BOX 2–3 Interpreting Observations of Student Performance on Balance-Scale Problems

Siegler (1976) describes how children who use the different rules described in Box 2–1 will produce different patterns of response to the problems presented in Box 2–2. For instance, children using Rule I would be expected to predict correctly on balance, weight, and conflict-weight problems and incorrectly on the other three problem types. Children using Rule II would behave similarly, except that they would answer correctly on distance problems. The figure below shows the predicted percentage of correct answers on each problem type for children using each of the four rules.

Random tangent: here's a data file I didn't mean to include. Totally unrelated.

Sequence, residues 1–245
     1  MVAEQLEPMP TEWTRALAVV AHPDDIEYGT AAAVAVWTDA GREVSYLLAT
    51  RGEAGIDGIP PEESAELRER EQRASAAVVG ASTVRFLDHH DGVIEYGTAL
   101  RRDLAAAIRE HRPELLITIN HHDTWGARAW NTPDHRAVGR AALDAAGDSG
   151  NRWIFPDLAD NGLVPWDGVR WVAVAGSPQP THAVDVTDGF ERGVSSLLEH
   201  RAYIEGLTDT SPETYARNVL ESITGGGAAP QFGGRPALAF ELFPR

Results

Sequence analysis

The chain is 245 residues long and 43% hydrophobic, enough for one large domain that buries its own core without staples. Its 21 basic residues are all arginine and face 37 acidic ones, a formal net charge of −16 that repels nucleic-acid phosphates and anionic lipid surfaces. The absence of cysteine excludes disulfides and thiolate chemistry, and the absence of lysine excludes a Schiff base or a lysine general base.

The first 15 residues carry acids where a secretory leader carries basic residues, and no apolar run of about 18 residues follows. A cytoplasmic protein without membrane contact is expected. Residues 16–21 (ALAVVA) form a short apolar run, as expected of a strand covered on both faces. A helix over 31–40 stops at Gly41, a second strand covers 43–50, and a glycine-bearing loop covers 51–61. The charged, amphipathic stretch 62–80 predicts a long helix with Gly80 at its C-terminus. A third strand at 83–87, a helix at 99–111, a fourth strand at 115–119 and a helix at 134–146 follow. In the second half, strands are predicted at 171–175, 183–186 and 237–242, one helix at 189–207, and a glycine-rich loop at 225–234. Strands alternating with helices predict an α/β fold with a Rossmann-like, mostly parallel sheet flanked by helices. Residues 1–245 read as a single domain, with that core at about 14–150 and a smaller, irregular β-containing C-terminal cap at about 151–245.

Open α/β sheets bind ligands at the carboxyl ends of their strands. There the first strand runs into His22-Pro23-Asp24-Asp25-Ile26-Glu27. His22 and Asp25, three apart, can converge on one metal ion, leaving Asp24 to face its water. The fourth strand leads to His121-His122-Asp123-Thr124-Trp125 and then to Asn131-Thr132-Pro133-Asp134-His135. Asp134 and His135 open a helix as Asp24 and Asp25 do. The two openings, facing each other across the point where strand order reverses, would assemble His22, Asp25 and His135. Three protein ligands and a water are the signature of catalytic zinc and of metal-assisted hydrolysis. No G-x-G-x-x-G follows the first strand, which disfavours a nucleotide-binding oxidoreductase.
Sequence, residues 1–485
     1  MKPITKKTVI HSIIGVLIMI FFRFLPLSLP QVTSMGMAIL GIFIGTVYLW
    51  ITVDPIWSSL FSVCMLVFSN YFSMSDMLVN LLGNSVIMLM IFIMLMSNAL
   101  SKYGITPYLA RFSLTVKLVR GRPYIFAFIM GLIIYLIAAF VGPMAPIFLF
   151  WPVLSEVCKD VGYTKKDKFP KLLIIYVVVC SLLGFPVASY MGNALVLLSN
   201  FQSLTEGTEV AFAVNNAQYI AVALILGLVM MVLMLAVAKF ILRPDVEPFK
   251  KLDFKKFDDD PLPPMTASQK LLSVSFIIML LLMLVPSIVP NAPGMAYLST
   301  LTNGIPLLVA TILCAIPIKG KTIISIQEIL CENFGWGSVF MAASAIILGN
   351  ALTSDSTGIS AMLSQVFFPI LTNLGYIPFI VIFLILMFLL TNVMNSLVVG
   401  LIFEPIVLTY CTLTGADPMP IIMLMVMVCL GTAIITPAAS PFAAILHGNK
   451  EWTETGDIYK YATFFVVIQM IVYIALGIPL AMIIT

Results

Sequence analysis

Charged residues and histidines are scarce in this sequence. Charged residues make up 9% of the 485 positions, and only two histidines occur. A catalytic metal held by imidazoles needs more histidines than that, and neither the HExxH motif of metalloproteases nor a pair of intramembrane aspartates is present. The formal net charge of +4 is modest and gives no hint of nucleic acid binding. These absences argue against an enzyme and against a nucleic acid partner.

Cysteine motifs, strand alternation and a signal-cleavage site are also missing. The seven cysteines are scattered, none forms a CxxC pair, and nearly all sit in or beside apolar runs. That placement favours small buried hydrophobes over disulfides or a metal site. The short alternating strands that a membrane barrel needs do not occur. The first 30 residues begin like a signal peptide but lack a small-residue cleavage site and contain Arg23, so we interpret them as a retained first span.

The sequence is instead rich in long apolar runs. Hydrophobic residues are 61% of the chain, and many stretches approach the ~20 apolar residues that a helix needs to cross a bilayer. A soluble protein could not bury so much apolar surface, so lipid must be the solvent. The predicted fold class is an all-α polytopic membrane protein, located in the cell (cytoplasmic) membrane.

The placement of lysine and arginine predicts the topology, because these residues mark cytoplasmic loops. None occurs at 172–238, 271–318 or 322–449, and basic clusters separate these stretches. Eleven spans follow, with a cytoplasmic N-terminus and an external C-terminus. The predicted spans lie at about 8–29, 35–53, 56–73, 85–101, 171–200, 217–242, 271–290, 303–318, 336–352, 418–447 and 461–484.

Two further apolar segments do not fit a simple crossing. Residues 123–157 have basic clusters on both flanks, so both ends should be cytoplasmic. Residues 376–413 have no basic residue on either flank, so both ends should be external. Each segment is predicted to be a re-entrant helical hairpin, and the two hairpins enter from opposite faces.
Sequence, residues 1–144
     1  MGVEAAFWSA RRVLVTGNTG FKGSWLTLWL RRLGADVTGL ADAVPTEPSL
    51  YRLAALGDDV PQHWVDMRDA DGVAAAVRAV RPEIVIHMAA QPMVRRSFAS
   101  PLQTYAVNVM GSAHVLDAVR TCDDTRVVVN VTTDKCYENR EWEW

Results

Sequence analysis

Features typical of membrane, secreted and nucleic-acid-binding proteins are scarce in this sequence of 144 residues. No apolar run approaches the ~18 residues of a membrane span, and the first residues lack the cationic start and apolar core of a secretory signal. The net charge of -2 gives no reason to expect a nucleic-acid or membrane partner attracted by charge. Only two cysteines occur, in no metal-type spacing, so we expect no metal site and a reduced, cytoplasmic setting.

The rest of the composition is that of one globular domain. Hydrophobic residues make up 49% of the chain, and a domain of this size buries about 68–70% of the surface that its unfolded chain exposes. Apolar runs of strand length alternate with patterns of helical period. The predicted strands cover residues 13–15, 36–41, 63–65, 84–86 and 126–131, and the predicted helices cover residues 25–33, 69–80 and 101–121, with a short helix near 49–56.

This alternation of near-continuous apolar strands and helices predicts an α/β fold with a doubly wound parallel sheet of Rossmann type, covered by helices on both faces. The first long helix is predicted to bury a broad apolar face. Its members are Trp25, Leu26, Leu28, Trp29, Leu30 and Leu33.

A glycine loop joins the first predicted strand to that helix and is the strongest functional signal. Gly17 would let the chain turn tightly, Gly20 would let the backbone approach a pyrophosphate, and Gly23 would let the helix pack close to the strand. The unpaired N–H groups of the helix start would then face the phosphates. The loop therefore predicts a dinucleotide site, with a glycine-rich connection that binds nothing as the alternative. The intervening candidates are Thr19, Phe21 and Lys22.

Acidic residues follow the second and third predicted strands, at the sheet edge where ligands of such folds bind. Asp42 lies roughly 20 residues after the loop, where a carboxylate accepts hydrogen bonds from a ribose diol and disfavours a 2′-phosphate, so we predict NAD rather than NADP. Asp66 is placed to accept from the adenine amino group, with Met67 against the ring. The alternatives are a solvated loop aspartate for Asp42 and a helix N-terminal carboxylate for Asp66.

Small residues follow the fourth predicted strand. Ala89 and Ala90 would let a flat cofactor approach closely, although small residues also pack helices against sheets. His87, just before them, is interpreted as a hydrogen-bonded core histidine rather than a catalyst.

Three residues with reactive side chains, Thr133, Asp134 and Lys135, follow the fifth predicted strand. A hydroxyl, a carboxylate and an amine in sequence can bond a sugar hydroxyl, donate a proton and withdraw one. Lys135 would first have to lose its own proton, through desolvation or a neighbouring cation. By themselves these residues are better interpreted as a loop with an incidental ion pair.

In a study of 5-to 17-year-olds solving balance-scale problems, Siegler found that more than 80 percent used one of the four rules consistently; the other 20 percent produced less consistent patterns of responses that did not match perfectly any of the above profiles. This finding may reflect an intermediate or transitional state of responding, which would not be unexpected in children’s development.

SOURCE: Siegler (1976, p. 486). Used by permission of Academic Press.



The National Academies | 500 Fifth St. N.W. | Washington, D.C. 20001
Copyright © National Academy of Sciences. All rights reserved.
Terms of Use and Privacy Statement